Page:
The Politics of Privacy


SUPPOSE I AM A FIFTH GRADER selling Girl Scout cookies. Commercially ambitious and a bit of a geek, I don't just peddle them to the neighbors. I set up a Web site and take orders by email. And who should order six boxes of Tagalongs but Billy Jones—the cutest boy in the class! I shoot a message to my best friend, Susan, telling her about the order. "I think he likes me—what do you think?" Susan forwards it to Rachel, who sends it to Casey, who tells Holly, who tells her brother Sam, who tells his friend Steve . . . and pretty soon everybody in the fifth grade knows all about Billy and me.

I doubt that gossip has gotten any less embarrassing since I was in the fifth grade. What's different now is that a lot of people would like to make a federal case out of Billy, the cookies, and my email. By sharing the information about his order with Susan, I have violated his fundamental "right to privacy." While operating a commercial Web site, I have collected and disseminated a fact about Billy without his permission. The Federal Trade Commission should be after me in no time.

That's what "privacy advocates" seem to think. Testifying before a House subcommittee in late March, Marc Rotenberg, the director of the Electronic Privacy Information Center, condemned the variety and gradual evolution of privacy standards in cyberspace: "Where once individual consent was central to the disclosure of personal information, now the focus is on individual choice for a range of disclosures. Where privacy techniques focused on the means to protect identity, now the focus is on means to obtain information. . . . Something is clearly amiss."

Since there's no law about what information can be gathered and how it can be used, Web sites take different approaches: Some let individuals choose exactly what to reveal about them-selves and how to let the information be used. Others tell visitors how they intend to use the information they collect, which gives each person the leeway to decide whether to stick around. Still others—like my hypothetical cookie site—say nothing at all, letting the surfer beware.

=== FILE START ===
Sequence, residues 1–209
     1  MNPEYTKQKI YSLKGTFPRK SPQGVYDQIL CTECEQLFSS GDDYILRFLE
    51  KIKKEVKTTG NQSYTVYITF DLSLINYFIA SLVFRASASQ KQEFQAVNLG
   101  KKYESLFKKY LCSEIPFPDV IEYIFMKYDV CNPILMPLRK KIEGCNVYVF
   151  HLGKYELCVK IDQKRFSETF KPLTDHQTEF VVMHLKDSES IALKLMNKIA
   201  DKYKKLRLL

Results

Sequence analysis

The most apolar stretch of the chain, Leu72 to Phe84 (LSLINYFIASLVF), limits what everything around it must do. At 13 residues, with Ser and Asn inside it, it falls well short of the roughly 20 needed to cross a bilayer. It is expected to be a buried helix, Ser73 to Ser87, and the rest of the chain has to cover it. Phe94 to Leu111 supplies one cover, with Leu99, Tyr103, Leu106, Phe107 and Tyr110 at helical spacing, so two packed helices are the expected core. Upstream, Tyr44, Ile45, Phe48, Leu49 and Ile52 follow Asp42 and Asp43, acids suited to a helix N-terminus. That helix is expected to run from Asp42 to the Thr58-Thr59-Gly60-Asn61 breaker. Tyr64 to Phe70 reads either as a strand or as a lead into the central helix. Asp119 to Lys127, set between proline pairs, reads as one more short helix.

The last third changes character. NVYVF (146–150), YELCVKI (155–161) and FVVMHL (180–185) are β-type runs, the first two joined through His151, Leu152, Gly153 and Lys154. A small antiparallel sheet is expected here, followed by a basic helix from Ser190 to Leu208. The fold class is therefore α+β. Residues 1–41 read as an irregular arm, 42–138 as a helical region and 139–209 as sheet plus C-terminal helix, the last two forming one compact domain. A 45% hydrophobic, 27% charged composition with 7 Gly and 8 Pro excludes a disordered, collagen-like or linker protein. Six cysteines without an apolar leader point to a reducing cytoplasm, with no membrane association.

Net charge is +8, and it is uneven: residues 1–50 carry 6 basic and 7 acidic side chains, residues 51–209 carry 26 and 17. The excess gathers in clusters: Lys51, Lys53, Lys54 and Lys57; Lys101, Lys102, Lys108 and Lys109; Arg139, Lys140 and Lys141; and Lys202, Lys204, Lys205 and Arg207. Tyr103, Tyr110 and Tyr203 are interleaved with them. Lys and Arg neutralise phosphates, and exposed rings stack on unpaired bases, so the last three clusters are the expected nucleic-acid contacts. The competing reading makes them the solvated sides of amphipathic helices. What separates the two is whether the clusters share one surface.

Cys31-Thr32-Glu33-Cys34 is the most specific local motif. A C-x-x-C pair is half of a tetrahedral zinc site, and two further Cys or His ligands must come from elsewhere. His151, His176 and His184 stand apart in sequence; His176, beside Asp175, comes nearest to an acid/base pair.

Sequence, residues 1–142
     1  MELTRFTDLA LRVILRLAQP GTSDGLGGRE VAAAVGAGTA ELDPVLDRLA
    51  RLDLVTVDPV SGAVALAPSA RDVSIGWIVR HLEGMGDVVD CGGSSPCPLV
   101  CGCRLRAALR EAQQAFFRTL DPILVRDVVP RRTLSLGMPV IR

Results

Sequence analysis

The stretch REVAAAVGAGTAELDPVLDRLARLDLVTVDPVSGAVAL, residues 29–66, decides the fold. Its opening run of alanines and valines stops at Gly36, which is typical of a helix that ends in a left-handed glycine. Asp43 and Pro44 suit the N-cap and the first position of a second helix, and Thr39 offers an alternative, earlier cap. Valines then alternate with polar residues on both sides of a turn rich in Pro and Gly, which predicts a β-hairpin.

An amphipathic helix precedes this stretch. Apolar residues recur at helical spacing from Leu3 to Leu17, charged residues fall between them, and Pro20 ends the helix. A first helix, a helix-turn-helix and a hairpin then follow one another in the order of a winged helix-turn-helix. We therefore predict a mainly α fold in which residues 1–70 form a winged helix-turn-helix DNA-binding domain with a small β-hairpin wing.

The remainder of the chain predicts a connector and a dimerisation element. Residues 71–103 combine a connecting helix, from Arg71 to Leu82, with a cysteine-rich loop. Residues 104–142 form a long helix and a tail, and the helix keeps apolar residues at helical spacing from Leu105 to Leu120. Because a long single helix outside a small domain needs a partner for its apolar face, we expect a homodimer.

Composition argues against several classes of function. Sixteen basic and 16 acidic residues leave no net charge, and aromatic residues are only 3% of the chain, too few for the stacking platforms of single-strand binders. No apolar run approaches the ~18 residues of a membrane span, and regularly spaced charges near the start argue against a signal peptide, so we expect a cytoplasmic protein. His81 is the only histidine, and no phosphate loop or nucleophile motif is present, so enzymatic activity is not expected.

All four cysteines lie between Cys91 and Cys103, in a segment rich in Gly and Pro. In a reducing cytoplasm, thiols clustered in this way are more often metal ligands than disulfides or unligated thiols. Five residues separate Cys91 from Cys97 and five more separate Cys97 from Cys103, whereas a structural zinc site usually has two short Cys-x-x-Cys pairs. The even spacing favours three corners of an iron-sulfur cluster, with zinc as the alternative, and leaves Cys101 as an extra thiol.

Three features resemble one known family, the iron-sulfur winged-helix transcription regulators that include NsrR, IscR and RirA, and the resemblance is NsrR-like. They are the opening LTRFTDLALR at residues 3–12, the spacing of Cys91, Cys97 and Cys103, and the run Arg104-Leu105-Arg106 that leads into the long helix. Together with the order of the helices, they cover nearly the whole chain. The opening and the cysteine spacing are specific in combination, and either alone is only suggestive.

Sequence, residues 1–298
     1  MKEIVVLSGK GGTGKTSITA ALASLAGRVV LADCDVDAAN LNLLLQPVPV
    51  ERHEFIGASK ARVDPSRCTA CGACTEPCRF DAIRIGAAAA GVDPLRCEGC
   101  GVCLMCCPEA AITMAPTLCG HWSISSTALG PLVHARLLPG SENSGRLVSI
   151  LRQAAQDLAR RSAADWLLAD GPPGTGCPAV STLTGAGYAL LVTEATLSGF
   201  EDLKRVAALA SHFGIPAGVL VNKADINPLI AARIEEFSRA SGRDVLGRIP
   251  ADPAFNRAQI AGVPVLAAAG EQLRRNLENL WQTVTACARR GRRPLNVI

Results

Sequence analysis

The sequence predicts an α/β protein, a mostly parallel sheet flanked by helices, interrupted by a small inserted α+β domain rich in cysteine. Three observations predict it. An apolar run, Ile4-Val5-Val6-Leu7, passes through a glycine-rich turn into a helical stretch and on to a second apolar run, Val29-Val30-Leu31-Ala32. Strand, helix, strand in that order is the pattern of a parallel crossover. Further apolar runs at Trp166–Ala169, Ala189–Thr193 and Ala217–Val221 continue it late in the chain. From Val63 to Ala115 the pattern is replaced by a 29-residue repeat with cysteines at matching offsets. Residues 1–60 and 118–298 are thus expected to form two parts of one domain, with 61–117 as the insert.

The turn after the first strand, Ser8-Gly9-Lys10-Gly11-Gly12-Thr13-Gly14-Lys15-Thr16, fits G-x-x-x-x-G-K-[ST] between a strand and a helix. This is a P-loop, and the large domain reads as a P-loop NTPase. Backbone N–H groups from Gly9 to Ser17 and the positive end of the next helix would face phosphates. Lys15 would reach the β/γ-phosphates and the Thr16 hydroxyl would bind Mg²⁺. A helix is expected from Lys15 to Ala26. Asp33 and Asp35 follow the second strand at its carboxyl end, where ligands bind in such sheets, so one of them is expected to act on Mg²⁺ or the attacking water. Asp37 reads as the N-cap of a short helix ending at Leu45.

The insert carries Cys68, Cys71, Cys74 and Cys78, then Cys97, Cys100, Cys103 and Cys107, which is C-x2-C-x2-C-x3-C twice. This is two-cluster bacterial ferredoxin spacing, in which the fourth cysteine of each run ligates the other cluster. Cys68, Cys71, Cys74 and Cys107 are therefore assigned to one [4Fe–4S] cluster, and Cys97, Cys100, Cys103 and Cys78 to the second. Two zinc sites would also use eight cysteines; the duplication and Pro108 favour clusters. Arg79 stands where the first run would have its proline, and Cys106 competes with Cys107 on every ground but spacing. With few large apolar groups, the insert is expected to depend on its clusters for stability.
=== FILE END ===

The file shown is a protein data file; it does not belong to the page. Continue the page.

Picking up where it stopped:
This laissez-faire regime not only allows different strokes for different folks. It also lets bootstrapped Web sites grow without creating complex system for managing information from visitors. It allows small operations to informally poll people without violating federal laws. It permits experimentation and learning. It fits the flexible, diverse, entrepreneurial, sometimes amateurish world of the Web. And it drives people like Rotenberg crazy.

Choice does not produce the outcome he wants, so he deems it a failure: "Self-regulation has not helped protect privacy on the Internet. It has in fact made it harder for us to focus on the larger questions of a coherent privacy policy."

Privacy advocates assume that you own your "identity"—all the disparate information about yourself—and therefore have the fundamental right to control what information is available to others. That's what Rotenberg means when he refers to "consent": If someone wants to tell someone else a fact about you, the teller has to get your permission.

BUT THE PREMISE SIMPLY isn't true. The other party in any relationship—your former landlord, your boss, my cookie site, or Amazon.com—owns information about you as surely as you do. And freedom of speech isn't the monopoly of officially certified "journalists." Gathering and sharing such information is as old as gossip, and neither speech nor commerce can function if it is illegal. In effect, privacy advocates are trying to outlaw reputation. Like the more honest censors behind the Communications Decency Act, they are also trying to assert control over a dynamic medium that defies their static vision of the one best way. They are demanding a "coherent policy" to replace diversity with decrees. And they are living proof that not all enemies of the evolving future are politically conservative or technologically ignorant.